Halloween for our family is months of work. The whole year is spent talking about what we want to dress up for the next year. It’s casual conversation over dinner, it’s the last thing said as we fall asleep at night, it’s inspired by books we read, but most of all it’s about creativity. We spend hours crafting items or searching through free piles for the necessary articles of clothing and reaching out to friends and family to add their own little area of expertise.
We plant the pumpkins at the beginning of the season we tend to them with love and care, we harvest them and carve out whatever our desired designs are for that year. This year we had a kitty, a pirate ship, and fawn. We decorate the house with seasonal attire and sing songs through the whole process. It leads to a sense of awe and reverence as we lead up to the actual day of Halloween.
We live in a small town where a section of houses is shut down by the police for the safety of trick-or-treaters so that they can meander in the streets from house to house laughing, sharing tips about what houses have the best candy, and comparing who has the best costume. It’s very very similar to most American movies that are centered around Halloween and what one might expect coming from another country to see for the actual act of trick-or-treating. We however start on the other side of town where my mother-in-law lives. it’s the houses were you get handfuls of candy because it’s unlikely that they will see any other children that night it’s a high rewards game.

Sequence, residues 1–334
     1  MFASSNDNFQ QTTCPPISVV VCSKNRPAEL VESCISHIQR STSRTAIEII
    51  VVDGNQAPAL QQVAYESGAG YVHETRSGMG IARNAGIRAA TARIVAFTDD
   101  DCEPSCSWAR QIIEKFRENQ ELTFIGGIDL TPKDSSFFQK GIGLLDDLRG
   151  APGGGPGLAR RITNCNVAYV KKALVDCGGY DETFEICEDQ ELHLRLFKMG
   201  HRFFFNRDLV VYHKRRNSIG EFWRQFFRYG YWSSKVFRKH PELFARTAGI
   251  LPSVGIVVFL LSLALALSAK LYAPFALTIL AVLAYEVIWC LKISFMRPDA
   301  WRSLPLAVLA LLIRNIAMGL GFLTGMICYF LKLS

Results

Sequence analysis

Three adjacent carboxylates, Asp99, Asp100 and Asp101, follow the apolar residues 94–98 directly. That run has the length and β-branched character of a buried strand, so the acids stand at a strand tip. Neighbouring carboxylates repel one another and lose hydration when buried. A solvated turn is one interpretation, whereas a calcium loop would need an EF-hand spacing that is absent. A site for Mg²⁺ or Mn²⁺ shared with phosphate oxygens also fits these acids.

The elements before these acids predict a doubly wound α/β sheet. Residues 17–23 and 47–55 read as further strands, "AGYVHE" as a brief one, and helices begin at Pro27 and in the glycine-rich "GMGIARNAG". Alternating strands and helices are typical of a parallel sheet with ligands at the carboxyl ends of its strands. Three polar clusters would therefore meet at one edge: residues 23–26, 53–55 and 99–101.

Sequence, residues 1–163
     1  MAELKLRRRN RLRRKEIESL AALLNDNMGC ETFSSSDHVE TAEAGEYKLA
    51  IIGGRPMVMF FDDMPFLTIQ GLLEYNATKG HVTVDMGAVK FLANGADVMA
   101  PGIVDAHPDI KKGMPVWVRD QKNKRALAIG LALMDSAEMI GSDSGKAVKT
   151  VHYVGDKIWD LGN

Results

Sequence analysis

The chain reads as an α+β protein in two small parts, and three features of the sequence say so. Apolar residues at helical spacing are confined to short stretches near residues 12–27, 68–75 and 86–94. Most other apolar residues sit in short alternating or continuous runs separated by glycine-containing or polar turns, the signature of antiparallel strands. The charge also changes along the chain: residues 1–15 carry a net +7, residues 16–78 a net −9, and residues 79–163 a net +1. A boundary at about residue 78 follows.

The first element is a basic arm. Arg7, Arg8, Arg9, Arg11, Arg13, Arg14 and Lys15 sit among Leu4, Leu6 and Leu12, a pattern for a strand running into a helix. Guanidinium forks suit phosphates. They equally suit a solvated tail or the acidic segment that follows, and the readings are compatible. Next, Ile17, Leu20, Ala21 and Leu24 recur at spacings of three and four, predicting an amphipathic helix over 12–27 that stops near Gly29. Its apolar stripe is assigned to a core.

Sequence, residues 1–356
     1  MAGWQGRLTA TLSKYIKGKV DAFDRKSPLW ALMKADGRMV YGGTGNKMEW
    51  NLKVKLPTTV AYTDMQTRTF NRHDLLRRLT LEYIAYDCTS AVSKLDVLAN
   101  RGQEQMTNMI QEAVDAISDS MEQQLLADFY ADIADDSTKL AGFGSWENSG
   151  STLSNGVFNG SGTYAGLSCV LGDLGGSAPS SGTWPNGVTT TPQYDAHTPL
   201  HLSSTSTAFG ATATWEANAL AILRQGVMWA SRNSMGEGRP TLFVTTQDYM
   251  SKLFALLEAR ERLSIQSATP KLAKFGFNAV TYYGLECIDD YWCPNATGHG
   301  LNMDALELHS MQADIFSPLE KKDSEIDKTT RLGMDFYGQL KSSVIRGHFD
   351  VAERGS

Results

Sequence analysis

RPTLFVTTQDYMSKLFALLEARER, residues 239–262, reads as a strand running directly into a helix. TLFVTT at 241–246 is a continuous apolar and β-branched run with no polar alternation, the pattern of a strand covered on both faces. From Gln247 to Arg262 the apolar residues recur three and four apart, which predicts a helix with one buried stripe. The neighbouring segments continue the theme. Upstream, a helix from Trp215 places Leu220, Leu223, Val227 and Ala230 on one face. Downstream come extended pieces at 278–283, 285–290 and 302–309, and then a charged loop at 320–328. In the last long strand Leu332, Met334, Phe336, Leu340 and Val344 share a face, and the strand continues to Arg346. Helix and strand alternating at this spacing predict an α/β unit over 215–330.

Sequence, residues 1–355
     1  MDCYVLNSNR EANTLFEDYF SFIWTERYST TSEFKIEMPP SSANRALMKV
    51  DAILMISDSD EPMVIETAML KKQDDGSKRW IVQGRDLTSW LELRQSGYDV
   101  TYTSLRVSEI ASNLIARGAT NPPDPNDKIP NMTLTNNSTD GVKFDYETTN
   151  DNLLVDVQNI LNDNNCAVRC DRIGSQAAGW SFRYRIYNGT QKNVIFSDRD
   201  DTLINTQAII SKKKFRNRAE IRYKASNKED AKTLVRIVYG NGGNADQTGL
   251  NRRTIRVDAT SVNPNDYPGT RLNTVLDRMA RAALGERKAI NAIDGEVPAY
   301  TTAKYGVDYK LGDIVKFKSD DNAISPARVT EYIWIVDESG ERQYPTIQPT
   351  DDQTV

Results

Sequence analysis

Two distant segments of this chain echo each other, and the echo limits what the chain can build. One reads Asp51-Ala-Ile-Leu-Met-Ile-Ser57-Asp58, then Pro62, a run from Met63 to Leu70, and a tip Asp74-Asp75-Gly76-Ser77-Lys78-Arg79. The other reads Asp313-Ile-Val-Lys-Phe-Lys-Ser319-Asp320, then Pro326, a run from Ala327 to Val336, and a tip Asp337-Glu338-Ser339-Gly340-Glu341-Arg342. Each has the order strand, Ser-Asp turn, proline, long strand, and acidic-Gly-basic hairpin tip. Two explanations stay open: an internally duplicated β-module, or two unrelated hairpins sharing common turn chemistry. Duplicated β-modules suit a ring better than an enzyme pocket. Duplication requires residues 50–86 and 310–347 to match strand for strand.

Laden down with bags of sweets we return home and start to search through the things that we’ve collected. Everyone eats one or two to start and then select a small coveted handful hat will be theirs to keep. Everything else we put into a large bowl and put on the porch for the “sugar fairies.” We light a candle so that they know where they can find the sweets and we head in for the night. The sugar fairies come throughout the night and collect their candy from each house and it is with the sweets that they are tasked to sweeten all the fruit of the world. Giving us the gift of sweet treats the whole year round. I find it a beautiful way for children to collect with the intention of giving but also to learn about delayed gratification in knowing that they will get a sweet piece of fruit every day throughout the next year.
Of course after the kids go to bed we the adults gather the candy and hide it inside and leave a thank you note in what is a now empty bowl for the children to find in the morning.
Now four days after Halloween I have sufficiently made myself sick eating all that candy, and have subjected my family to my full on sugar crashes paired with my brief but constant absences as I hide in a closet to shove fist fills of candy in my mouth undetected. We are all winners in this scenario and while I would like to think that next year I will wield the self control that I am so carefully trying to craft for my children, instead I will just blame my mother for having not taught me better.